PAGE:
Wednesday, January 25, 2012

A state of disarray

kw: politics, speeches, president

I am not so quick on my feet. After the president's State of the Union address last evening, I had to sleep on it. Starting an hour ago, I had a look at a few articles and videos about it. I still do not know what to think about most of it.

It was, of course, a campaign speech. There are but forty weeks to go until November 6, and how this gestational period will work out is anybody's guess. Perhaps this is why, while he defended his health care legislation, he didn't spend more than a few seconds on it.

He appealed instead to the middle class, whatever is left of it. To hear him tell it, the country consists of "hard working folks" making minimum wage and "millionaires", now defined as those who earn $1 million yearly, rather than those whose net worth exceeds $1 million. This latter figure describes quite a number of "middle class" folks who have been diligent to build up their 401(k) or IRA, and have a few hundred thousand dollars in home equity built up.

So, targeting the newly-defined millionaires, the President proposed that those earning $1 million or more pay no less than 30% of their gross income in taxes. So many have pointed to Mitt Romney's 15% tax rate last year as "unfair". I don't see how; he paid around $3 million in taxes. He earned several hundred times as much as I did, but he paid almost twice as much of a percent in taxes (my 2010 taxes were 8% of my gross income). My colleagues at work pay between 7% and 9% of their gross income in taxes, and our "admin assistants" (secretaries) pay between nothing and 4%.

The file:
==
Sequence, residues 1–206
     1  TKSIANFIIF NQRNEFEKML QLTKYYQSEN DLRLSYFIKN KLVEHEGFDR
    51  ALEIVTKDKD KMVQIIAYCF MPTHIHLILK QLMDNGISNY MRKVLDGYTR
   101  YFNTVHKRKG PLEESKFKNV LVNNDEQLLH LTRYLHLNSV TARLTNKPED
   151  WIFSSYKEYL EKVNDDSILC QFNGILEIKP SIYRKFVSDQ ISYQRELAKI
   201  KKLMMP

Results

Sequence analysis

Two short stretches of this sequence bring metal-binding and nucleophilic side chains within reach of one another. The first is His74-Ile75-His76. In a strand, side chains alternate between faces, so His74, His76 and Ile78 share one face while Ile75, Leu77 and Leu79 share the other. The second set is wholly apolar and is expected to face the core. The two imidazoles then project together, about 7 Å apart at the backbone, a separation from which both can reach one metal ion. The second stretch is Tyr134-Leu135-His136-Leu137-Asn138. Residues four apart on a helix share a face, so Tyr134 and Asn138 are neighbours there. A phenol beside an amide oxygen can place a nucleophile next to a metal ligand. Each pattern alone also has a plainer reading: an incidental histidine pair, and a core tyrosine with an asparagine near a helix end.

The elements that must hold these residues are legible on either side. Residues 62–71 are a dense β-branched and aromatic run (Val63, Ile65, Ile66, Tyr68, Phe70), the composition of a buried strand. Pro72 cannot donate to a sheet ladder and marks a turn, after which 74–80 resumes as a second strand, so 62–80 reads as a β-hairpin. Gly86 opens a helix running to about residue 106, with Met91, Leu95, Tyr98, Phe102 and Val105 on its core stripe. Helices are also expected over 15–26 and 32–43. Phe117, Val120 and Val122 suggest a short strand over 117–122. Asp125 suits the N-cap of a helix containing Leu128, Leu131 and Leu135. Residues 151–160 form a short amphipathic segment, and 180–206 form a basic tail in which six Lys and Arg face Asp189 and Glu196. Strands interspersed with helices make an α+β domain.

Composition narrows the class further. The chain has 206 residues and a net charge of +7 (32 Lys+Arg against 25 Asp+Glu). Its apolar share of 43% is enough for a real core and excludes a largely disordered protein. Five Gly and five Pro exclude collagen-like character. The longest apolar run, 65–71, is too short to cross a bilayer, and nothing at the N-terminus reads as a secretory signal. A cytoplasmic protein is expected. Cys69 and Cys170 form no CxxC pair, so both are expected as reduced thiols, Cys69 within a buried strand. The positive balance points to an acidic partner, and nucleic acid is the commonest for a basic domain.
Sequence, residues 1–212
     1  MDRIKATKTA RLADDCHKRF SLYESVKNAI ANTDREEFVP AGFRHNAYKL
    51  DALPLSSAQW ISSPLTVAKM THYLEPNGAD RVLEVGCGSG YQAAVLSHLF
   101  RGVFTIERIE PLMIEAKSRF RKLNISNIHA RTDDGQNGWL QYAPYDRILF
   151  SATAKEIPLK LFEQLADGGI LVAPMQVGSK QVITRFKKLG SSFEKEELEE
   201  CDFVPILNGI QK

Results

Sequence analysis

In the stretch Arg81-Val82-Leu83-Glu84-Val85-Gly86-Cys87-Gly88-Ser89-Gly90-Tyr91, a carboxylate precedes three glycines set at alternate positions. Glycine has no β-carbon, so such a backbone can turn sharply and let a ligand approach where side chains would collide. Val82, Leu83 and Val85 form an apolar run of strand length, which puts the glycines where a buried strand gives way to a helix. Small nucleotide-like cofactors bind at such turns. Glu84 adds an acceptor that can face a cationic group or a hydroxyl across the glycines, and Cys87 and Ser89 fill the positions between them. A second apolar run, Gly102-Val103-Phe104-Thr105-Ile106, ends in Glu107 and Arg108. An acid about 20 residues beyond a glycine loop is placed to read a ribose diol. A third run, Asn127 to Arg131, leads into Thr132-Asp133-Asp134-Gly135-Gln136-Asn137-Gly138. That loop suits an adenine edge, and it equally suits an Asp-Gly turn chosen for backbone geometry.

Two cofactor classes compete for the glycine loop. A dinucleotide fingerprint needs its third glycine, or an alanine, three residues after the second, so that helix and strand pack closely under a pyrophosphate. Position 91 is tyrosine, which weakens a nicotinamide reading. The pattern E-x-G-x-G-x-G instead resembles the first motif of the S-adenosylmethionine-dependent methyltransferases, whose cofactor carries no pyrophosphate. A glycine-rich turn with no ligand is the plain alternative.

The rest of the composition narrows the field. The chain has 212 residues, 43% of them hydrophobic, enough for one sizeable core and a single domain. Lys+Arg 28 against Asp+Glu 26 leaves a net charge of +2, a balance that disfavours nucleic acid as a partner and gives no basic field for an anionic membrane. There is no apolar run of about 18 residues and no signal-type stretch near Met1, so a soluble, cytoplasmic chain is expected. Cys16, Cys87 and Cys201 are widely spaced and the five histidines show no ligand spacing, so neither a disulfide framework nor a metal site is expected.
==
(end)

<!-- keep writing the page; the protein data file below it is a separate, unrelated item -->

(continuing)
Sure, I am in the 28% or 33% tax bracket, but that is only on the last few dollars I make. Half of my income isn't taxed at all, because of deductions like home mortgage and charity, and my pre-tax contributions to a 401(k). Those who make millions can't shield as much of their gross income as I can, so they get taxed more already.

Something the President will never say out loud: The "one percent" at the top of the income ladder already pay 40% of the total income taxes. If we took all their money, it still would not meet the need. So even though I am a Republican, I bridle at the fact that nearly half of working Americans pay no income tax at all, and a few percent of them are paid a kind of welfare called the "earned income tax credit." Call it negative taxation. With the Federal Government typically spending around 22% of the GDP, total taxes, mainly corporate and individual income taxes, have to total this amount to avoid deficits.

Of course, it is also not being mentioned that with the massive bailouts initiated by President Bush and continued by President Obama, the Federal government has been spending more than 100% of GDP in some years. That's how we went from a $1 Trillion national debt to a $14 Trillion national debt in just a few years.

OK, another subject. The President talked about "clean energy". He hesitates to say that we have to use a bunch of dirty energy to create the infrastructure for clean energy. A poster child for clean energy used to be the Sierra SunTower in Lancaster, California. It isn't mentioned much lately, because it is so seldom being operated. It turns out to be too expensive to run full time, so it is only operated for peak times, which are rare in the rather moderate climate of the high desert. And it turns out that the mirrors need frequent cleaning, which takes a lot of water, something in short supply there. I wonder what army of window cleaners they have, to clean more than 26,000 mirrors! Each is the size of a large picture window.

I have mixed feelings about another subject, the use of a "peace dividend" from the end of the Iraq war to engage in "nation building right here at home." Nation building is as much about political challenges as technical ones. The kind of nation building I'd like to see is to pass an amendment that requires every citizen to obey the same laws, abolishing the special retirement plan that exempts Congress from Social Security, and repealing all laws that they themselves are exempt from.

I was kind of hoping for the President to have a Clinton-like laundry list of things he'd like to accomplish. Then I could have something to cheer on. He is a likeable guy and I hate to put him down. But he seems to be paving the way for a big put-down of his own, by being a divisive President rather than a unifier.

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